Authors Weber MF, Smith DP, Patel MI, et al.
Review Date September 2015
Citation MJA 2013; 199: 107-111
Erectile dysfunction (ED) is experienced by about one in five men over the age of 40 years in Australia. ED is associated with medical conditions (e.g. diabetes, stroke), lifestyle factors, medical treatments (e.g. prostate cancer surgery, anti-depressants), and has been recognised as an early indicator of cardiovascular disease. Little is known about the risk factors of ED and their relationship with age in the Australian male population.
To quantify the relationships between ED, ageing, and health and lifestyle factors for men aged 45 years and older.
This paper draws on data from The 45 and Up Study, a cross-sectional, population-based study. Participants were randomly sampled from the Medicare enrolment database and completed a self-report baseline questionnaire between January 2006 and February 2010.
ED was measured with the question, “How often are you able to get and keep an erection that is firm enough for satisfactory sexual activity?” Those who answered ‘always’ or ‘usually’ were categorised as ‘no/minimal ED’ and those who answered ‘sometimes,’ or ‘never’ as ‘moderate/complete ED’ (those who didn’t answer the question were excluded from analysis). Socio-demographic characteristics, selected lifestyle risk factors (smoking status, alcohol consumption, BMI, physical activity), and chronic disease (diabetes, Parkinson disease, stroke, cancer, depression and/or anxiety, blood clotting problems, high blood pressure, arthritis, thyroid problems, asthma, high blood cholesterol level) were also measured.
The study sample was stratified according to disease. The age-related prevalence of moderate/complete ED was calculated among those who reported a disease and those who did not report a disease. Of those who did not report a disease, men were further divided by those who did and did not report lifestyle risk factors. Logistic regression was used to calculate the odds ratio (OR) of having moderate/complete ED for men in each of these groups compared to men who had not been diagnosed with a disease and who did not report lifestyle risk factors. Men with a prostate cancer diagnosis were then excluded from further analyses that calculated the OR for having moderate/complete ED for each socio-demographic variable, included disease, and lifestyle factor.
Of the 123 779 men who completed the questionnaire, 108 477 (88%) were eligible for inclusion in this sub-study. The sample represented a diverse sociodemographic background.
Men who had been diagnosed with prostate cancer were 9.24 times more likely to report moderate/complete ED than those who had not been diagnosed with a disease and who did not report lifestyle risk factors. The majority (85%) of the 6803 men reporting prostate cancer diagnosis reported moderate/compete ED. Men reporting prostate cancer diagnosis were then excluded from the remaining analyses.
Of the remaining 101 674 men, ED status ranged from 39.31% reporting no ED to 16.77% reporting complete ED. Moderate/complete ED was associated with lower socioeconomic status and with being single. The odds of having moderate/complete ED increased by 11% with each year of age.
Men who reported one or more risk factors for ED (e.g. smoking, >30 alcoholic drinks per week) had 26% higher odds of ED than men without risk factors. When looking at each 10 year age strata, ED increased with increasing BMI for all age groups except men aged >75 years. For each age group, increasing levels of physical activity was associated with decreasing odds of ED. When compared to men who had never smoked, those who smoked >20 cigarettes a day were more likely to report moderate/severe ED (OR =1.86) than those who smoked <20 cigarettes per day (OR=1.48). Past smokers had higher odds of moderate/complete ED than those who had never smoked (OR=1.26). For men aged >54 years, the odds of moderate/complete ED were slightly elevated among those who had consumed >30 drinks in the past week (OR not stated).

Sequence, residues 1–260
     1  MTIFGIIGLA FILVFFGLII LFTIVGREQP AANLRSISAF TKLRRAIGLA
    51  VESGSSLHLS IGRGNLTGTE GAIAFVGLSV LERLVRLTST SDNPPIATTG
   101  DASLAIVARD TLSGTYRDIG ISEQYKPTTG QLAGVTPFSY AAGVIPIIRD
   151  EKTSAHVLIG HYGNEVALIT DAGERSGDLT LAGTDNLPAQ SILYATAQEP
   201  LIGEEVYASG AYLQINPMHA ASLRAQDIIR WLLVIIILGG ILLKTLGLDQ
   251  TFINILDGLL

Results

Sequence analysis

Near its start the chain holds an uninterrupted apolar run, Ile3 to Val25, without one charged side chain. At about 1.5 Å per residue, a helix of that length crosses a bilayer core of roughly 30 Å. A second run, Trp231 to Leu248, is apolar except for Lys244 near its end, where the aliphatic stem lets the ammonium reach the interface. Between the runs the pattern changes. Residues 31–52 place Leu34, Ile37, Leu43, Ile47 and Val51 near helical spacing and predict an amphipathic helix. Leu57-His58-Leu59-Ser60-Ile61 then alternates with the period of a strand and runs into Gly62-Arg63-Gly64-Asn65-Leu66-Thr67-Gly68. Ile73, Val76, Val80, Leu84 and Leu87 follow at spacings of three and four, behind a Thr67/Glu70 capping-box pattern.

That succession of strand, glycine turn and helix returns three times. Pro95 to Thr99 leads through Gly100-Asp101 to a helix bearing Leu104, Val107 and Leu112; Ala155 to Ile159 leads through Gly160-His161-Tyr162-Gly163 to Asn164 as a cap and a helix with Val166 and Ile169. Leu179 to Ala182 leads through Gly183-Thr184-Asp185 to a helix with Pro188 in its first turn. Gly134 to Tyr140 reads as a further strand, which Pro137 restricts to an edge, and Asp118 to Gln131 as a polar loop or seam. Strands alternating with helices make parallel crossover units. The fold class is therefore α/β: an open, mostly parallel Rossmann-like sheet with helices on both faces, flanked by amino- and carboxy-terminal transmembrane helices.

All diseases measured were significantly associated with ED except high blood cholesterol level. The highest odds of moderate/complete ED were for diabetes (OR=2.66) and being treated for depression and/or anxiety in the last month (OR=2.36).
This study provided a comprehensive report of the prevalence of ED and associated risk factors across men of different ages. Clinicians may wish to advise male patients of the potential for ED to be a complication of various diseases due to the underlying vasculogenic mechanisms and of the risks associated with engaging in lifestyle behaviours such as smoking and not being engaged in physical activity.
Points to Note
- ED is a prevalent condition among men in Australia but little is known about the associated risk factors and how they interact with men’s age.
- The findings of this study are similar to those conducted internationally, including that the odds of ED increase by 11% per year from the age of 45.
- Men who reported one or more risk factors for ED (e.g. smoking, >30 alcoholic drinks per week) had 26% higher odds of ED than men without risk factors.
- Of all the diseases measured, diabetes and recent treatment for depression and/or anxiety were most highly associated with moderate/complete ED.
- The limitations of this study include an inability to assign cause and effect due to the cross-sectional design, the possibility that the prevalence reported may not be generalisable to the population as the participation rate was low (18%), and the potential for recall bias given the use of self-report. (Note, Andrology Australia has published population-based ED prevalence estimates for men aged 40 years and older, from the Men in Australia Telephone Survey: Holden et al, Lancet 2005).